Apostle Review


Gareth Evans has a lot going in his most recent film, Apostle. I don’t even know how to reply anymore when someone asks, did you like the film? These days it seems I can’t give a straight answer. This is the way I feel about Apostle. This the way I feel about many films that have so many good moments but are undermined by other bad moments.

Don’t get me wrong, there are many great moments and even good ideas explored in Apostle, but I feel this film lacks some things.

You think the film is going one way, and then it goes another way. Usually, this is good for a movie, but it wasn’t for Apostle. To me, the story just seems scattered. It’s trying to tell many narratives at once and as a result, it fails to find a cohesive point that ties everything together.

Firstly, I’m a fond believer that a basic premise beats a complex one any day.

Obviously, when you find a film that’s complex, that’s fantastic. But only when that complexity makes sense. Take, for example, Shutter Island and Inception. One may say the latter is far more complex but, nonetheless, both have multiple inner workings that complicate the plot that work to intrigue and is ultimately understandable.

Apostle adds many elements to its story that doesn’t make any sense to me. Thus, I think it could have fared better without too much going on.

I like the way the film starts out. The protagonist makes his way into a cult in order to rescue his sister–this very idea I found interesting, and the mystery holds ups pretty well. As the protagonist learns the cult’s way of life, so do we. We ask ourselves what’s with all the blood, and who’s this goddess? What’s going on here?

However, as it all unfolds and we come to find out what the cult is really about, it all goes downhill.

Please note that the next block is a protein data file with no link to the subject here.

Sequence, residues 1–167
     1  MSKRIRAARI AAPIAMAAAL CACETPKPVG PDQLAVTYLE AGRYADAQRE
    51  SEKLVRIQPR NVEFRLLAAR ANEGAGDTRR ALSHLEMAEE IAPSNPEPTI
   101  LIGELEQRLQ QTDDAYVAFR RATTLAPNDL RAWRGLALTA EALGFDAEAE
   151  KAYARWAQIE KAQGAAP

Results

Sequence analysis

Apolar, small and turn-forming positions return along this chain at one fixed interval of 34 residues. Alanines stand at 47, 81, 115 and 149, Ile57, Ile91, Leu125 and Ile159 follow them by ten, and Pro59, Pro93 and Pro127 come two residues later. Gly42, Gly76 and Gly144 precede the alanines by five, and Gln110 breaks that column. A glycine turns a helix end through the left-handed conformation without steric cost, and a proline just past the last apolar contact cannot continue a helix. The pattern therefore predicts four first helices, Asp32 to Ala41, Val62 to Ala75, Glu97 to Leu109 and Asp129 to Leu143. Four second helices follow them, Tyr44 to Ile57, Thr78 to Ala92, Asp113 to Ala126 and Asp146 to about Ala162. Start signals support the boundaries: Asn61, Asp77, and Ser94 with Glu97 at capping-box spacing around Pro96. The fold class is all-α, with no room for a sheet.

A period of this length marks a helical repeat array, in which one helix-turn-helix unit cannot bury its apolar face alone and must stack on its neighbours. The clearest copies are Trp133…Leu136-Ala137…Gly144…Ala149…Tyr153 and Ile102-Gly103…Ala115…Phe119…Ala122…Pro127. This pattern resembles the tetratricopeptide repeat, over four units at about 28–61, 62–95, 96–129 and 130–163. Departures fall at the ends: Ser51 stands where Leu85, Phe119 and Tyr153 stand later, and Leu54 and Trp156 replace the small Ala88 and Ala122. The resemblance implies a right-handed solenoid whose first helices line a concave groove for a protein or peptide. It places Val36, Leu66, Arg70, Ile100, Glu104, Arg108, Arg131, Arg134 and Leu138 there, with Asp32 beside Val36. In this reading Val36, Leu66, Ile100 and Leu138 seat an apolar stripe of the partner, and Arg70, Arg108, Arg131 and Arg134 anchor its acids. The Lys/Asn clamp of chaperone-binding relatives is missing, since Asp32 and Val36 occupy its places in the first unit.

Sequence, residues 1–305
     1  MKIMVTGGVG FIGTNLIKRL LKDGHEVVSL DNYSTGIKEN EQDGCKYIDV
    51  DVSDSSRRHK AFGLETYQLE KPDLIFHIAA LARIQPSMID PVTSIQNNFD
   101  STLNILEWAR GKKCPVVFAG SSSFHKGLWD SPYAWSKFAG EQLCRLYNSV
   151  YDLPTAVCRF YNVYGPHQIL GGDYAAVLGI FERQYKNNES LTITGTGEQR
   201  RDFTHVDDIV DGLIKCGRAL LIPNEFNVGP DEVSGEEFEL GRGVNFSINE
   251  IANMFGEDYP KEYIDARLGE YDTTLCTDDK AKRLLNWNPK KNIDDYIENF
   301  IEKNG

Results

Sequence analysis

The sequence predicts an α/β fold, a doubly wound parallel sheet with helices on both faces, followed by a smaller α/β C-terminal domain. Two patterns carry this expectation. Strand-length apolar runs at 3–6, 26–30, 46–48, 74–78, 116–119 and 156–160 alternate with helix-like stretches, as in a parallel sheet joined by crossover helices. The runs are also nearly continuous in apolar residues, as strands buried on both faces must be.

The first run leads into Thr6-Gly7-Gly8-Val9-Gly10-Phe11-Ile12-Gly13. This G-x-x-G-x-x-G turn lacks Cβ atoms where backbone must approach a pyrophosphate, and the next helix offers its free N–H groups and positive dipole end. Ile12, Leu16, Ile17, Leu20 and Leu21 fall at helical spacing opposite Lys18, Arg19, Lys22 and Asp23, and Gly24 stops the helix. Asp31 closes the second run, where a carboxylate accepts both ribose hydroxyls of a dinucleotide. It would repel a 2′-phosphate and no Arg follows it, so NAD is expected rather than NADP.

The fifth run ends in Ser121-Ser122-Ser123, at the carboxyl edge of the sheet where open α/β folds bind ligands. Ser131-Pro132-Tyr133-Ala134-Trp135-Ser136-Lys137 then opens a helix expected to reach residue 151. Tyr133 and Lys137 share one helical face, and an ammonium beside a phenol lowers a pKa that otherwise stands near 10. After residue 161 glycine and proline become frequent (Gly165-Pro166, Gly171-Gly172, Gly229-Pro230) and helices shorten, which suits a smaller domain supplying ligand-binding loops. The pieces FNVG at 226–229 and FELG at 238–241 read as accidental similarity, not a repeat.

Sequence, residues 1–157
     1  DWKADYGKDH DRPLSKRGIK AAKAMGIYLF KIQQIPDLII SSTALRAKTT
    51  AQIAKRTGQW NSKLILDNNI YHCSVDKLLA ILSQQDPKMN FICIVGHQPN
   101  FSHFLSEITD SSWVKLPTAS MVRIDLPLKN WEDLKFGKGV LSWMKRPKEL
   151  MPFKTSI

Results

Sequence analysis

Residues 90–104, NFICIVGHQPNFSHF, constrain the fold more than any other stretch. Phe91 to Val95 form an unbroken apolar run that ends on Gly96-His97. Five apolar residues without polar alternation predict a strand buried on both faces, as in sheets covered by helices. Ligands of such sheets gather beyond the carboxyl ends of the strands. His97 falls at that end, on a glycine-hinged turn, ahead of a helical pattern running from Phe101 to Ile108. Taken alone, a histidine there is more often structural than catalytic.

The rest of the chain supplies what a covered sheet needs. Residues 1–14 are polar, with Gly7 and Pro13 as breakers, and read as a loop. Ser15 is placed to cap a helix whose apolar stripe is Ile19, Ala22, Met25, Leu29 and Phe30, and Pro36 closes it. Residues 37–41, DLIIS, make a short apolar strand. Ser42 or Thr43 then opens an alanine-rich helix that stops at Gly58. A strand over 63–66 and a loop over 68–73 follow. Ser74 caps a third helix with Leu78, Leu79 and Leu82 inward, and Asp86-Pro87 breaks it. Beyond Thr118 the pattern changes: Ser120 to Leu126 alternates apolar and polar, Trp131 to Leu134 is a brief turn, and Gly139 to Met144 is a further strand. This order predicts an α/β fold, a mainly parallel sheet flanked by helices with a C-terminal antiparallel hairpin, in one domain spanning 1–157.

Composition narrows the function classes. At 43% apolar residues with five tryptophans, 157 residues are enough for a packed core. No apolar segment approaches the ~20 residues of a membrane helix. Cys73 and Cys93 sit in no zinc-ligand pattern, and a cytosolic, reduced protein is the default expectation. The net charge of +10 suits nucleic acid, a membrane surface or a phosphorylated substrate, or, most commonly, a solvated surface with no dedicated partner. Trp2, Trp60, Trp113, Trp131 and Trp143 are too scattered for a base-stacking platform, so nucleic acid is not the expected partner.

The goddess was in no way, shape, or form scary or threatening. Hey, maybe she wasn’t supposed to be. Still, I find her silly.  The idea that the village maintains her livelihood by feeding her blood baffles me. And we are supposed to believe this supposedly makes a good harvest? It’s not that I’m close-minded, I just want a story centered on a more realistic approach.

Nonetheless, there’s a lot to like in this film but sadly it’s not the story. The film greatly captures the time period (early 20th century). The characters are good. The actors are good. There are a couple of thrilling moments. But as a whole, I did not like it.

One moment I like was when Thomas Richardson (Dan Stevens)  makes his way in the tunnel to uncover what’s been going on under there, and Prophet Malcolm (Michael Sheen) is out to capture him. This was suspenseful.

I like when Prophet Malcolm comes to a realization that there is an intruder in the village, and he lines up several suspects asking them to recite, correct me if I’m wrong, a biblical text. Ah, yes. I liked this part very much.

But I wouldn’t tell someone to not watch it. You’ve got to watch it to form your own opinion.

Thanks for reading folks. I would like to hear your thoughts on this one, regardless if you agree or disagree.

Also, I’ve hit 100 followers on here. That’s a major feat for me. Thank you all.




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